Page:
It reads, “Ordinance #1953-1 is amended by deleting the word “horse” wherever it is mentioned...This ordinance shall be in full force and effect immediately after it is ordained. The foregoing ordinance was duly adopted by the Common Council of the City of Oakland City, Indiana, this 27 day of November, 1973. (Signed by) Leonard Mills, Cecil Earles, Robert Burton, Cletus Harden, William Woods, Members of the Common Council...Approved by me, Jerry Richardson, Mayor of the City of Oakland City, Indiana, this 28 day of November, 1973...”
Oakland City resident Bryan Grubb said he thinks it is ironic that Richardson signed an ordinance that allows horses and is “pushing so hard” for the banning of backyard animals. “We already have ‘em (mini horse, chickens and goat) so we’re praying for a grandfathering,” he said.
Grubb also added he’s making sure it will be standing room only at the next Oakland City board of works and city council meeting. Richardson said that he doesn’t know whether the current council will decide to uphold the amendment or not. “I don’t really know...I don’t want to speak for the council,” he said. But Richardson added, “Bryan doesn’t have the whole picture.”
Another updated ordinance passed on August 27, 1991, will also play a part in the next meeting. Ordinance 1991-3 is “An ordinance prohibiting all livestock, except horses, within the corporate limits of the city of Oakland City, Indiana.” It reads, “Whereas, the Common Council of the City of Oakland City, Indiana, deems it necessary and in the interest of the public welfare of the citizens of Oakland City, Indiana, to prohibit the keeping or quartering of livestock, except horses, within the corporate limits of the City of Oakland City, Indiana. Now therefore, be it ordained...as follow....it shall be unlawful for anyone to keep or quarter any form of livestock, except horses, within the corporate limits of the city...that any person violating any portion of this Ordinance shall upon conviction be fined in the amount of Twenty-Five Dollars ($25) and each day this ordinance is violated constitutes a separate violation...Ordinance shall be in full force and effect from and after its passage and after publication as by law required. Signed by James Deffendall, Leonard Mills, Gary Phillips, Cecil Earles, Kenneth Dickerson, members of the common council...approved by me, Everett Robertson, Mayor of the city of Oakland City, Indiana, this 27th day of August, 1991...”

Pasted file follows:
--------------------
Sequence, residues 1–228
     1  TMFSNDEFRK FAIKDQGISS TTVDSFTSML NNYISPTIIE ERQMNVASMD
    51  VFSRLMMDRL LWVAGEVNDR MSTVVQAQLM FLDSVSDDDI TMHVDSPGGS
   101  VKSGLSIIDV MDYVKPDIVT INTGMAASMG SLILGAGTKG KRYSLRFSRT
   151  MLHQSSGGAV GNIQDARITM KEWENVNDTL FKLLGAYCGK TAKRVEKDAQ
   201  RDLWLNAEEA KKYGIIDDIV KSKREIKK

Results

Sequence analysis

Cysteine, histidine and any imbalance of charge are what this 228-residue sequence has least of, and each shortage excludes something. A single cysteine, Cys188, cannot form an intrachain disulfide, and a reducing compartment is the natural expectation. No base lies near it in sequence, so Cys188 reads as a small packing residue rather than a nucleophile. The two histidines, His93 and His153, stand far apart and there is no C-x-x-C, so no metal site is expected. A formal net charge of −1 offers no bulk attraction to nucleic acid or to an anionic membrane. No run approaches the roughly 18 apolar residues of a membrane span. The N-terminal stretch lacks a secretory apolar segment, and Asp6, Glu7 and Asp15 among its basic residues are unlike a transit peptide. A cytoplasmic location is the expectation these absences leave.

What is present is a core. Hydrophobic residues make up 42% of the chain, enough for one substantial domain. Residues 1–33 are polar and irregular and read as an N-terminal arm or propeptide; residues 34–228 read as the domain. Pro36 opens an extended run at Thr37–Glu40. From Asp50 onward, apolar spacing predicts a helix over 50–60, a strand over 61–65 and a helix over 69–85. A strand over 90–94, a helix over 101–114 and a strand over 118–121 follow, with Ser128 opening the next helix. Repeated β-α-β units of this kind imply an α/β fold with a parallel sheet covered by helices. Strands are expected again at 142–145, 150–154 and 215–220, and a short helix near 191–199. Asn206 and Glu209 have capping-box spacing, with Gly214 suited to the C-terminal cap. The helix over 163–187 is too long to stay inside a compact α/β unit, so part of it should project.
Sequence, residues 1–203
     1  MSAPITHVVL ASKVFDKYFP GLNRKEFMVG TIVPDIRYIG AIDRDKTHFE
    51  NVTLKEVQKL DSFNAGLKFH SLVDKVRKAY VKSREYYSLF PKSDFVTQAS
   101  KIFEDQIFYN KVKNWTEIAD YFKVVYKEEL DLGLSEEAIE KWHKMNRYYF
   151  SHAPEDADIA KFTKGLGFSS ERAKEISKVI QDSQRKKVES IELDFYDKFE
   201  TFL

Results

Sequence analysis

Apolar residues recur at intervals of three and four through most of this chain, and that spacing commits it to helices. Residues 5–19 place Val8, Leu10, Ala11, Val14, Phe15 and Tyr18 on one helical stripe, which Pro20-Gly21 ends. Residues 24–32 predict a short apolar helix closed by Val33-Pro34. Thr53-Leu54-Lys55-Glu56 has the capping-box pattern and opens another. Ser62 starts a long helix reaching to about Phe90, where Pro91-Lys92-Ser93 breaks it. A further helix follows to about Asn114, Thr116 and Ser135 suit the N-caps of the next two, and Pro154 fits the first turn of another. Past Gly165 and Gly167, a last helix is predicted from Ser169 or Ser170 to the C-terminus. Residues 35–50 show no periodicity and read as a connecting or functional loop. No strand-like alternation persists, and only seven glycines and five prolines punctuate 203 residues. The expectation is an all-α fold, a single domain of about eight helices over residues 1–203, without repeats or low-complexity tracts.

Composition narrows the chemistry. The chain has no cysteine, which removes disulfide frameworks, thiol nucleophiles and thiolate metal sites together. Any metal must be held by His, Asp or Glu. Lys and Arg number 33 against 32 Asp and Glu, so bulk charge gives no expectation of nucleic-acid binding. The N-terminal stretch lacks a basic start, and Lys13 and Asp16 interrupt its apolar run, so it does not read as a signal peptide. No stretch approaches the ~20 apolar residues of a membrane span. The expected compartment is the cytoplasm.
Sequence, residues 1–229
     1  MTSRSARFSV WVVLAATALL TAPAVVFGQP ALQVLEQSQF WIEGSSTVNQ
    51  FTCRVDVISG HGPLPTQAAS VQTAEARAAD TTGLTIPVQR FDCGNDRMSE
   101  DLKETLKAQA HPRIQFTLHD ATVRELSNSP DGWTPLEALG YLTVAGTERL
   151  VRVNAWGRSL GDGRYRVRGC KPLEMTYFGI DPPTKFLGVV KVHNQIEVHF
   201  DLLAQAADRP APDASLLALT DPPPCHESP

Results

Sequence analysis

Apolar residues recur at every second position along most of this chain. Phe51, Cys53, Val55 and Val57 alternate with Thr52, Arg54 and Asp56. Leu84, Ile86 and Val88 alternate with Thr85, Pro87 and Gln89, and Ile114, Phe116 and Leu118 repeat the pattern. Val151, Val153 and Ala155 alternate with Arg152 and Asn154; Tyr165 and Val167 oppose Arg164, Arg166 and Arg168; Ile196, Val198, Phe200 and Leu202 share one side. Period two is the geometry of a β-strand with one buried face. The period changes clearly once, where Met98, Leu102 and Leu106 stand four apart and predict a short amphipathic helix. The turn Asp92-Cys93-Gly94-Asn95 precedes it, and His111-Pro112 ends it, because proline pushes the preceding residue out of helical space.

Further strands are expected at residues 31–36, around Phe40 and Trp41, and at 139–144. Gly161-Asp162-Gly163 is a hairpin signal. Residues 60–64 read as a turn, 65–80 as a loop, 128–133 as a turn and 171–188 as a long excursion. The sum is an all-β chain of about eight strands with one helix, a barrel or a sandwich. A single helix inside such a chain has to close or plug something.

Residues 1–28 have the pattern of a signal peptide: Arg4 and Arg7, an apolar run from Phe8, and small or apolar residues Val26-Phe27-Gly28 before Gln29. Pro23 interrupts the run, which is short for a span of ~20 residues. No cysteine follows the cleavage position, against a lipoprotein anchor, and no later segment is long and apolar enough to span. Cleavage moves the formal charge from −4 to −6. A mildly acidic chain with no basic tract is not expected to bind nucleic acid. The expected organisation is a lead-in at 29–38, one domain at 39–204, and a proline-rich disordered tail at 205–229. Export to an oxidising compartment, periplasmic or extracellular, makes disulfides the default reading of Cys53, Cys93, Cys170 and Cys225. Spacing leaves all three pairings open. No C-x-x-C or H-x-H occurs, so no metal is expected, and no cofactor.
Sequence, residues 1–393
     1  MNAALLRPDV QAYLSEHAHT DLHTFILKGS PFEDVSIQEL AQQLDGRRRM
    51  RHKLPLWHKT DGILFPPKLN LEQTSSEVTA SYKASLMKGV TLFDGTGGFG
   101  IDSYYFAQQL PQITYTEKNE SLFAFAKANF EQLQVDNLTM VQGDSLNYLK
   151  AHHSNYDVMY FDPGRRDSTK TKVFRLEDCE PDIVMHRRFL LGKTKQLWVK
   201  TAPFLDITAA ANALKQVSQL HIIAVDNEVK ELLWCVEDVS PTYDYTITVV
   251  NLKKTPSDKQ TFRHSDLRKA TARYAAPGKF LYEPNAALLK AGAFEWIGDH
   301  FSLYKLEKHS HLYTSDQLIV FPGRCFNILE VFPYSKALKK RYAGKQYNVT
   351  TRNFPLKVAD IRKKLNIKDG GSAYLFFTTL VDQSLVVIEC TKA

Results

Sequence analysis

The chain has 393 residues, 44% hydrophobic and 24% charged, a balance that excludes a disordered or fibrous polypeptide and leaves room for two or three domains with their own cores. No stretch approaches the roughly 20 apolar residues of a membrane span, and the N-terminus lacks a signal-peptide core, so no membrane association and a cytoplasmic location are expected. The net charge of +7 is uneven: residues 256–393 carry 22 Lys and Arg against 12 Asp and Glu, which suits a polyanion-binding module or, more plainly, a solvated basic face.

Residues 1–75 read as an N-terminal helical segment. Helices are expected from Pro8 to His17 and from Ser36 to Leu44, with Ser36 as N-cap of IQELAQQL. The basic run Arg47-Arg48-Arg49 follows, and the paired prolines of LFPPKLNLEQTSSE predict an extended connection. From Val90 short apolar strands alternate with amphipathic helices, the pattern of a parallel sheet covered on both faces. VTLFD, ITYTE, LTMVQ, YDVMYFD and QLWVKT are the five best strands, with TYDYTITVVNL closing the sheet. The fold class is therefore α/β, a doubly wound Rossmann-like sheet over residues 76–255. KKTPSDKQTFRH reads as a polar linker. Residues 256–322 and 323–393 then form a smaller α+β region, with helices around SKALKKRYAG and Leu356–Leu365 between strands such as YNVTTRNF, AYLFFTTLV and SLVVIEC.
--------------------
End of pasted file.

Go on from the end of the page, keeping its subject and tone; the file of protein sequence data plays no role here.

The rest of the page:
Mayor Hugh Wirth said that the council’s previous decision grandfathering Lana Myers-Getto and her animals due to her medical condition will have to be looked at, along with the ordinance and amendments that have been found. “We’ll just have to take a hard look at it at the next meeting,” he said. “It’s all under review because we did find the original ordinance.”
City attorney Jason Spindler explained that grandfathering would not apply in this case since the law has been found and whether or not the law was enforced, “the law is still valid.” But Spindler noted that Myers-Getto probably shouldn’t have to return to the city council meeting to ask for a variance, but that he would probably advise that the council’s grandfathering of Myers-Getto simply be changed into a variance. “The law is not retroactive,” he explained. Variances, if given, will be given on a case-by-case basis. Spindler also confirmed that “livestock, except horses” wording in the 1991-3 ordinance includes chickens as being forbidden. Chickens are legally livestock. Spindler added that he’s not sure mini horses would be included in the excluded “horses,” though.
The next council meeting is Sept. 24 at 5:45 p.m. at the Oakland City Fire Department.
- 7/17/12 - "Horse manure is raising a big stink in Cynthiana"
- 6/29/10 - "Non-code" ordinances in Kokomo?
Posted by Marcia Oddi on September 16, 2013 11:38 AM
Posted to Indiana Government